Another embodiment of the present invention is directed to a program storage device that is readable by a computer system and that tangibly embodies a program of instructions executable by the computer system to perform a method of configuring a disc drive. Pursuant to the method, a write/read error rate is measured for each head/disc surface combination as a function of the bit density of the respective disc surfaces. Then a suitable drive configuration scheme is selected based on the error rate data. Next the selected drive configuration scheme is implemented.

In one embodiment of the program storage device, selecting a suitable drive configuration scheme involves selecting the scheme from multiple drive configuration schemes. In one of the drive configuration schemes, the bit density of the disc surface of one head/disc surface combination is reduced and the bit density of the disc surface of another head/disc surface combination is increased. Another of the drive configuration schemes involves disabling the head of a particular head/disc surface combination. A third drive configuration scheme involves reducing the bit density of the entire disc drive.

BRIEF DESCRIPTION OF THE DRAWINGS

FIG. 1 is a block diagram of a disc drive according to an illustrative embodiment of the present invention.

FIG. 2 is a flowchart showing a prior art process flow for the production of hard disc drives.

FIG. 3 is a flowchart showing a process flow for the production of hard disc drives according to an illustrative embodiment of the present invention.

FIG. 4 is a graph of error rate vs. bit density for a hypothetical disc drive.

FIG. 5 is a block diagram demonstrating a capacity tuning process according to an illustrative embodiment of the present invention.

FIG. 6 is s flowchart showing an exemplary process flow for the production of hard disc drives according to an illustrative embodiment of the present invention.

DETAILED DESCRIPTION OF ILLUSTRATIVE EMBODIMENTS

FIG. 1 is a block diagram of disc drive 10 according to the present invention. Disc drive 10 includes drive controller 12, memory 14, disc stack assembly 16, actuator assembly 18 and read channel 20. Drive controller 12 is typically a microprocessor or digital computer, and is coupled to a host system which instructs controller 12 to store data on, and retrieve data from, disc stack 16.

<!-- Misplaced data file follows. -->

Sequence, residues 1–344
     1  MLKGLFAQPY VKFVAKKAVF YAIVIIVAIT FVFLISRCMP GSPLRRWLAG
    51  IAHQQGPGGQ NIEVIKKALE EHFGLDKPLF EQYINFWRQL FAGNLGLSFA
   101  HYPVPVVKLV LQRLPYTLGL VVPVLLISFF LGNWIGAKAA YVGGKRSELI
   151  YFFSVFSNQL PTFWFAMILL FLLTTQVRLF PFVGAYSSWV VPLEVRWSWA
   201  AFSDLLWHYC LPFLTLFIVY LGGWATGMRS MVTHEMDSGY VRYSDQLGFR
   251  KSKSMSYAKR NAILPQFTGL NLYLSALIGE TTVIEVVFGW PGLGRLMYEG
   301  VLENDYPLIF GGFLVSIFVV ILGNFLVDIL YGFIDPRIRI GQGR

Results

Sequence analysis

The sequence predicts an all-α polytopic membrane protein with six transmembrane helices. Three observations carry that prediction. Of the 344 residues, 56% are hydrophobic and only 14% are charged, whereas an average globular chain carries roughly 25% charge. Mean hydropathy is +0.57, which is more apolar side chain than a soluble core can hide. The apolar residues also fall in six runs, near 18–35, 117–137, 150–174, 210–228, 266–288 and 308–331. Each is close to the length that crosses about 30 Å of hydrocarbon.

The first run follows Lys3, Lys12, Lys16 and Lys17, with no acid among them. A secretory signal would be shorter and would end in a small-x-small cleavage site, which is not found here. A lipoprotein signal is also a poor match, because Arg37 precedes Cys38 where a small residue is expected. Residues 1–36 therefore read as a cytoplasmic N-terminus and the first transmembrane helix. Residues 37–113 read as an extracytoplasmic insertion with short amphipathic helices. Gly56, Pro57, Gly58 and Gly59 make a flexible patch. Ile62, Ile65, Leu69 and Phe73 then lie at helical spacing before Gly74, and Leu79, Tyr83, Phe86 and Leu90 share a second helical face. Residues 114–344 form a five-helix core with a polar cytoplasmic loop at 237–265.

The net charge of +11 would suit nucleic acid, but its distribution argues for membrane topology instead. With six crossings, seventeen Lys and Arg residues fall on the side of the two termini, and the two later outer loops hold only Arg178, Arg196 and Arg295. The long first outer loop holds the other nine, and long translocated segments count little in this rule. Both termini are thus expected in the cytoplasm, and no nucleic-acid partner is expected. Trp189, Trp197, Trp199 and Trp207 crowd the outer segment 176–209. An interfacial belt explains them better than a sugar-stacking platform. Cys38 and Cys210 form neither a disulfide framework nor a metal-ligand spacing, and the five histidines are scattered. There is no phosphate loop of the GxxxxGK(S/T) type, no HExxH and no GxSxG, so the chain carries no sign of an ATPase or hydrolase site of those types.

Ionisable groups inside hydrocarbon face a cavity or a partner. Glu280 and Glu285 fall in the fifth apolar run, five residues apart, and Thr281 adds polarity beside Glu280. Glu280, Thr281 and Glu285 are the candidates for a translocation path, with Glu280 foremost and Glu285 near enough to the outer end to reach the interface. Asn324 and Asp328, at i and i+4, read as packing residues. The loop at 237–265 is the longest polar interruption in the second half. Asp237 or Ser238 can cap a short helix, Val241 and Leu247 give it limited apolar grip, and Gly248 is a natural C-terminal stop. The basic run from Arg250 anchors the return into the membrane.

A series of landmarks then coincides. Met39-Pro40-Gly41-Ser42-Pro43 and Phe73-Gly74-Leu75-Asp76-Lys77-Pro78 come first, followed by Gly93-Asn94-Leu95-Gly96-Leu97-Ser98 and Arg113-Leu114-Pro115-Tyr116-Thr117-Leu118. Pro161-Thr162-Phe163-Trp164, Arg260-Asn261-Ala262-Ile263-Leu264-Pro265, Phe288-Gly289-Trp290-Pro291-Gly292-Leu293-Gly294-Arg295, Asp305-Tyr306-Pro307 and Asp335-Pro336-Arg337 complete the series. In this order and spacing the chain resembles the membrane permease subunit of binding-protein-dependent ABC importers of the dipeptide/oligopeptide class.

Memory 14 can be any of a variety of well known data storage devices capable of storing data for use by controller 12. Also, memory 14 can include a combination of different types of memory devices such as read only memory (ROM) and volatile or non-volatile random access memory (RAM). In an illustrative embodiment, memory 14 stores the firmware programming used by drive controller 12 in order to implement the capacity tuning aspects of the present invention. Disc stack assembly 16 includes spindle 26 which supports multiple coaxially arranged discs 30, 32 and 34. The discs are mounted for rotation with spindle 26 about axis of rotation 28. Each of the discs has a first surface and a second surface. First disc 30 has first surface 36 and second surface 38. Second disc 32 has first surface 40 and second surface 42. Third disc 34 has first surface 44 and second surface 46. All of surfaces 36, 38, 40, 42, 44 and 46 include concentric tracks for receiving and storing data in the form of flux reversals encoded on the tracks. A group of tracks which include one track on each of surfaces 36, 38, 40, 42, 44 and 46, wherein each track in the group is located a common radial distance from the inner diameter of the corresponding disc upon which is resides, is referred to as a cylinder.

Actuator assembly 18 includes actuator 48 supporting multiple actuator arms 50. Each of actuator arms 50 is rigidly coupled to at least one head assembly 52. Each head assembly 52 includes a load beam, or a flexure arm, rigidly coupled to actuator arm 50 at a first end, and to a suspension or gimbal at a second end. The suspension is, in turn, coupled to a slider which supports a data head (i.e., data heads H0, H1, H2, H3, H4 and H5) above the corresponding disc surface. Each slider has an air bearing surface, which can be adapted for flying over the respective disc surface or sliding in pseudo-contact or direct contact with the respective disc surface, depending on the particular application. Each data head typically includes a read transducer and a write transducer carried by a slider. As shown, data heads H0, H1, H2, H3, H4 and H5 are supported adjacent respective medias or disc surfaces 36, 38, 40, 42, 44 and 46. Together, a data head and its associated disc surface form what will be referred to herein as a head/disc surface combination. For example, head H0 and disc surface 36 constitute a single head/disc surface combination.

Actuator 48 is rotatably mounted with respect to discs 30, 32 and 34. Actuator 48 typically includes a voice coil which interacts with a magnet to produce the selective rotation of actuator 48. As actuator 48 rotates, it moves the transducers coupled to the head assemblies either radially inward or radially outward on the discs. In this way, actuator 48 positions the transducers on the various heads over a desired track (and cylinder) on the corresponding discs. In an alternative embodiment, actuator 48 is a linear actuator.

Read channel 20 is electrically coupled to each of heads H0, H1, H2, H3, H4 and H5 and carries signals read by various heads from their corresponding disc surfaces to a host system which has instructed disc drive 10 to retrieve the data. Also, read channel 20 can carry servo signals read by one or more of the heads from a servo data track. As is known in the art, the servo position information can be provided to drive controller 12 and used to control actuator assembly 18 to achieve head positioning over a desired cylinder. Read channel 20 can also include other components, for example amplifiers and filters, for conditioning the read back signal.